India Sets Up Industrial Council to Stimulate R&D & Investments in Solar Energy Sector

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The Indian government has announced the formation of the Solar Energy Industry Advisory Council (SEIAC) to help stimulate research and development and investment in the solar energy sector. The council will deliberate and offer advise to the government on matters of technology, manufacturing, and regulatory issues. The council includes some of the leading industrialists as its members.

Anand Mahindra, of Mahindra & Mahindra, has been chosen as the chairman of the council. Mahindra & Mahindra is one of the fast-emerging players in the solar power generation and EPC services sector. In addition to its own power projects, the company has set up a joint venture with Kiran Energy Limited to expand into the solar energy market in India.

The council has been tasked with the responsibility of reviewing the progress being made to achieve the targets set by the Jawaharlal Nehru National Solar Mission. The national solar mission aims to install 22,000 MW of solar power generation capacity by 2022. The mission has outlined intermediate milestones.

One of the main issues the council will have to consider is how to stimulate domestic manufacturing of solar modules. A large number of projects in India are importing solar modules, which has been very encouraging for domestic module manufacturers that have realised significant losses.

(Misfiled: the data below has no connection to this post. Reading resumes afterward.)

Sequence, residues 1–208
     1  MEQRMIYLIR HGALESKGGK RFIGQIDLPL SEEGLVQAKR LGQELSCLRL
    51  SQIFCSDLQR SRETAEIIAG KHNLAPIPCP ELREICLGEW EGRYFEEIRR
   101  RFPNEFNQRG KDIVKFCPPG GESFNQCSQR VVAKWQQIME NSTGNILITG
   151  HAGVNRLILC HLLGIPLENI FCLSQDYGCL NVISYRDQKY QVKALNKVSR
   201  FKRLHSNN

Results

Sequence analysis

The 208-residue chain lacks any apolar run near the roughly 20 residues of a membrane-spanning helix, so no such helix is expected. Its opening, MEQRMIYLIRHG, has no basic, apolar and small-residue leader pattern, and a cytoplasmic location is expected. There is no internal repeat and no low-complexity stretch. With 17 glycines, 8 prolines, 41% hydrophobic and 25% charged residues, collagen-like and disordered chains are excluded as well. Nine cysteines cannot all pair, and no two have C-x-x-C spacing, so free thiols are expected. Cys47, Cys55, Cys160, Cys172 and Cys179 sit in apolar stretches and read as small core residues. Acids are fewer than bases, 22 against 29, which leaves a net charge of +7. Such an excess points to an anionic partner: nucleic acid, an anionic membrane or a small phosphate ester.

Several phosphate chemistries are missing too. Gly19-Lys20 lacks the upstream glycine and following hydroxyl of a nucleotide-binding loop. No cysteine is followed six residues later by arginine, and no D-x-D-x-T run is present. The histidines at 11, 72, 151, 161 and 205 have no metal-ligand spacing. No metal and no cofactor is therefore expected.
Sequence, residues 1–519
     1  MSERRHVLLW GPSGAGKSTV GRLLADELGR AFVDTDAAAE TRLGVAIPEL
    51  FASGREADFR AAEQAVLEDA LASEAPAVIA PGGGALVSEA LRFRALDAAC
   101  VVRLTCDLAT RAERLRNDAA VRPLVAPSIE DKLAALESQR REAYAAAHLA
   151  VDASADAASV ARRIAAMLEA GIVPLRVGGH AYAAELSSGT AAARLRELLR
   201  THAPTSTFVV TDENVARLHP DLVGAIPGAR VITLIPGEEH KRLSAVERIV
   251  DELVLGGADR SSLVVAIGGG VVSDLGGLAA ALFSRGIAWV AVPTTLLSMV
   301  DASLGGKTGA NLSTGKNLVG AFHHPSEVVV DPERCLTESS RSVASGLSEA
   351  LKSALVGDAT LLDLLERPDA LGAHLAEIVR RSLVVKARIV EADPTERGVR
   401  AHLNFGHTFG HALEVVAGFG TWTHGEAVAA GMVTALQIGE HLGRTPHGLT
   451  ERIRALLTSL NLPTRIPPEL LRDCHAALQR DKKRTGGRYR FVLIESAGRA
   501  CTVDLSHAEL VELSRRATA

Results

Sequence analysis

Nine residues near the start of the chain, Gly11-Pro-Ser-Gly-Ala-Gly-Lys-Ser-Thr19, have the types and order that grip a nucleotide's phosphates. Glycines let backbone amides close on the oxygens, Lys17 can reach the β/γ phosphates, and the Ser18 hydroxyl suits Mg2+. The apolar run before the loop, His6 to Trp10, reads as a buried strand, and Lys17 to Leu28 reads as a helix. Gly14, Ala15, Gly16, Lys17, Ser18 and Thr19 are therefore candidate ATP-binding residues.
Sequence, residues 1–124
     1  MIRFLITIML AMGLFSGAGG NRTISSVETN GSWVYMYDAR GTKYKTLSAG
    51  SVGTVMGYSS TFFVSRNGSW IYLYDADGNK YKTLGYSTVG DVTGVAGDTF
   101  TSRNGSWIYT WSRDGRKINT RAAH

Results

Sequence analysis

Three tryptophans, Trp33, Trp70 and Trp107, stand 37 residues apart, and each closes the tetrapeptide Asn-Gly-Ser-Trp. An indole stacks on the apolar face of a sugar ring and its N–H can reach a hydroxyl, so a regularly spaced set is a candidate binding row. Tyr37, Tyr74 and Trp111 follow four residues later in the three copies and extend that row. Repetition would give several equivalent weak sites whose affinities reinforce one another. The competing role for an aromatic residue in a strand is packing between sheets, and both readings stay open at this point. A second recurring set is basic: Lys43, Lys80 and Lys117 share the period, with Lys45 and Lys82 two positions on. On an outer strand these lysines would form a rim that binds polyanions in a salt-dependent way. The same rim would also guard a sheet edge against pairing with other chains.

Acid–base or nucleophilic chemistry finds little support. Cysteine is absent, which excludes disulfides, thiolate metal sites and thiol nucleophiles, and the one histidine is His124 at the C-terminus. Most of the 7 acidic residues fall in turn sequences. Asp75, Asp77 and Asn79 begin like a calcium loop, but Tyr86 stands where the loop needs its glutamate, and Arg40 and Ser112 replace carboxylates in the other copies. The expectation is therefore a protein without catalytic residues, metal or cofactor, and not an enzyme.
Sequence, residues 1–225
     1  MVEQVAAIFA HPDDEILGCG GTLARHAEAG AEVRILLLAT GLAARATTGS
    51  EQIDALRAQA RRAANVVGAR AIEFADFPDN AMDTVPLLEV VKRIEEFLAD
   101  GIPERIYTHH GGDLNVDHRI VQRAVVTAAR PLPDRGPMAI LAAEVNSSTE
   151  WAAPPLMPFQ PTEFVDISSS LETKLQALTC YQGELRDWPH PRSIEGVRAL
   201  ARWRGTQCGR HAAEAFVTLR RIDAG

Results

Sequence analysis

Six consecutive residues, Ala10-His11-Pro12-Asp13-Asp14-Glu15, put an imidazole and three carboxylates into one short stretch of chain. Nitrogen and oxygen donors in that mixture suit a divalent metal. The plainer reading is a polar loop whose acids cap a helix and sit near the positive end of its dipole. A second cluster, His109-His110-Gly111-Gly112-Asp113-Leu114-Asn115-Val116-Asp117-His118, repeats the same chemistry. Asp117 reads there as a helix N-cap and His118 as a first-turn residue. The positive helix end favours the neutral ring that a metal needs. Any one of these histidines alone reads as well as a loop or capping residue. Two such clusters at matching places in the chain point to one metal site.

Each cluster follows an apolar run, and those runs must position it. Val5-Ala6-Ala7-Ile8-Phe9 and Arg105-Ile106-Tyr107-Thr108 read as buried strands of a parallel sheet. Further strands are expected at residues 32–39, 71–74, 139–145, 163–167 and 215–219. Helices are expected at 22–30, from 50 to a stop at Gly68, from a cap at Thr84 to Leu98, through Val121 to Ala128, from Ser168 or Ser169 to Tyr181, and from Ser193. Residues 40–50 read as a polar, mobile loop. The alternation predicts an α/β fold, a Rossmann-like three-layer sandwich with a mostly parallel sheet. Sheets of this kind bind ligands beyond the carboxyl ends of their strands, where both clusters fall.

The council will also have to address the issue of levying duty on imported modules. The domestic manufacturers have appealed to the government to levy import duties on the large number of equipment being imported to the US, China, Taiwan, and other countries. The domestic players want anti-dumping duties levied on these imports, as they are significantly cheaper than the equipment being manufactured in India.

The formation of the council is a welcome step from the Indian government, as it would help in internal course-correction in its endeavors to become a global solar energy leader over the next decade. As the country is still a nascent solar energy market, input from all the stakeholders would help it to become one of the leading and most attractive solar energy markets in the world.

Image via Waynenf

The views presented in the above article are author’s personal views only


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Mridul Chadha

Mridul currently works as Head-News & Data at Climate Connect Limited, a market research and analytics firm in the renewable energy and carbon markets domain. He earned his Master’s in Technology degree from The Energy & Resources Institute in Renewable Energy Engineering and Management. He also has a bachelor’s degree in Environmental Engineering. Mridul has a keen interest in renewable energy sector in India and emerging carbon markets like China and Australia.

Mridul Chadha has 425 posts and counting. See all posts by Mridul Chadha